“We know it’s a really important day, but we had the governor’s order and we had the precedent from the two presidents that died most recently,” Heldman said.

Ronald Reagan died in June 2004 and Gerald Ford died in December 2006 — over summer and winter break, respectively. WSU does not close for Presidents’ Day.

“It’s never the right decision for everybody,” Heldman said.

Freshman nursing major Sydney Dixon, who had two finals review days scheduled for Wednesday, said she was frustrated last week when WSU only cancelled morning classes the Monday after fall break due to snow and icy conditions.

“I fell and had bruises all up my leg twice on the way to sociology whenever they refused to cancel school last week,” Dixon said. “They wouldn’t cancel but then they cancel the worst possible day.

“I understand that they want to respect [Bush] and have the day of mourning and like, cancel school, but they should make an exception because it’s the week before finals.”

Dixon said WSU should close Friday — Dead Day  — when there are already no classes.

“We don’t have classes on Friday. Close it then,” Dixon said.

President Bush left office in January 1993. Nobody under the age of 25 was alive during his presidency.

“Not a lot of students have been adults while Bush was president,” said Neal Allen, political science department head.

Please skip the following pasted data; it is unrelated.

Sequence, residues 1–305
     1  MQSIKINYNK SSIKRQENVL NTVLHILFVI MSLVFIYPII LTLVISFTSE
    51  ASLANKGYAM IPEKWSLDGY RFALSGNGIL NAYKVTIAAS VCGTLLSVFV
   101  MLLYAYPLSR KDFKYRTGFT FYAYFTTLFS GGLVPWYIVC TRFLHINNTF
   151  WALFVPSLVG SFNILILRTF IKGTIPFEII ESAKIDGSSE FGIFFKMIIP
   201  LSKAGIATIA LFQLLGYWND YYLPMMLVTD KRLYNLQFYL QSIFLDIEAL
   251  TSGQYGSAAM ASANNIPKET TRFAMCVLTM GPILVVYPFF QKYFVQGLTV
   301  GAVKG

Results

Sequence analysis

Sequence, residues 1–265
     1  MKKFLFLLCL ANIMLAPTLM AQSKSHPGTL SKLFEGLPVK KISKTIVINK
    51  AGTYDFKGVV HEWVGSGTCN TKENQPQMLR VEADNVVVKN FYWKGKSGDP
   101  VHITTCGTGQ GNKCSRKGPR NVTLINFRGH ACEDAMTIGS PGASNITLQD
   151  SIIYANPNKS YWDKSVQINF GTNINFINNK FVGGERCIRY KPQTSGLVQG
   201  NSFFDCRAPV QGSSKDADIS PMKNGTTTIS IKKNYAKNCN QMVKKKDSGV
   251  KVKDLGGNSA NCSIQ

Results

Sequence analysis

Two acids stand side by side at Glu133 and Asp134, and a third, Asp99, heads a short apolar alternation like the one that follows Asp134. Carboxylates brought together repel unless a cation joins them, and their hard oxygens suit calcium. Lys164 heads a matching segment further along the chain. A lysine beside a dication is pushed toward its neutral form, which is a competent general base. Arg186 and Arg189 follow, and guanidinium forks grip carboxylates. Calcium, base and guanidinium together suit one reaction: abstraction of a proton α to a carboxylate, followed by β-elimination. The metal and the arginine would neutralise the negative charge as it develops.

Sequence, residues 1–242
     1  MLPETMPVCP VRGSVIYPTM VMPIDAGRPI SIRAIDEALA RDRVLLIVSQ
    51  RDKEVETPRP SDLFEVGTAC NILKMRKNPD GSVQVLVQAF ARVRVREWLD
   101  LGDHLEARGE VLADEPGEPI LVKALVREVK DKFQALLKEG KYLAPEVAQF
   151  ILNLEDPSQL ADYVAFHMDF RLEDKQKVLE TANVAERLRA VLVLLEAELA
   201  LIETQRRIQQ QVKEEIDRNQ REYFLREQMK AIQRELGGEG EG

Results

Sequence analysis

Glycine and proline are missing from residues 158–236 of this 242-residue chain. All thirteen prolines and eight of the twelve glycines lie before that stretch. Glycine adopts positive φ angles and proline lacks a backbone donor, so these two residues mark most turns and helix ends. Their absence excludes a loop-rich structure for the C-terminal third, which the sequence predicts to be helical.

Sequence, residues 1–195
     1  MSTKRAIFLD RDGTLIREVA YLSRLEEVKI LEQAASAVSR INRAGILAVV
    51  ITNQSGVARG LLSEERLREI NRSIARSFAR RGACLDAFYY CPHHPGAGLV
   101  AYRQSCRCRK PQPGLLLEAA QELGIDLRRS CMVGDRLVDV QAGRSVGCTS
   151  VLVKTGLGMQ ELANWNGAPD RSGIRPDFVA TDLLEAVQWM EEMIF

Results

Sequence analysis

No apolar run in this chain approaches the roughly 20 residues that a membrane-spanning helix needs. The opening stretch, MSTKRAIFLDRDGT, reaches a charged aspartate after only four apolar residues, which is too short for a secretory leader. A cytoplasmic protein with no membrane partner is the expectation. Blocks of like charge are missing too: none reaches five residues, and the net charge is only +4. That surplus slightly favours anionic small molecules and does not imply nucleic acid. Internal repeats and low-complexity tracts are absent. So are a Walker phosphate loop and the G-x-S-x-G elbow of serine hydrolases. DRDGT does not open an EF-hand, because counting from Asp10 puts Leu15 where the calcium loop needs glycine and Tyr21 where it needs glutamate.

Willome said he knows very little about the former president.

“I do know some, but not enough to mourn his death,” Willome said.

Dunham said she has no interest in honoring Bush Wednesday.

“This man did not affect me at all,” Dunham said. “I was not alive for his presidency. I’m so sorry for your loss.”

She said she’ll spend the day studying.

“I’m working, I’m studying, I’m doing everything that I should have been doing in class out of class,” Dunham said.

Allen said Bush will be remembered as a serviceman. Before becoming president, Bush served as a U.S. congressman, CIA director, and vice president.

“[Bush] clearly was someone who spent most of his life in some public service or another,” Allen said.

He said Bush conducted himself with an air of civility that’s unfamiliar in today’s politics.

“If you want to think about his particular legacy, it’s hard not to contrast it to the current president,” Allen said.

Allen said he understands the frustration students and instructors have over cancelling classes to honor the former president.

“He certainly picked an inconvenient time for our schedule to die,” Allen said.

“The decision to close state agencies is clearly made by politicians who believe that the work of government and the work of elected officials is more important than a lot of citizens think it is.”

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About the Writer
Matthew Kelly, Editor in Chief

Matthew Kelly is the editor in chief of The Sunflower.  Kelly is a junior majoring in political science and is a member of the honors college.  Kelly...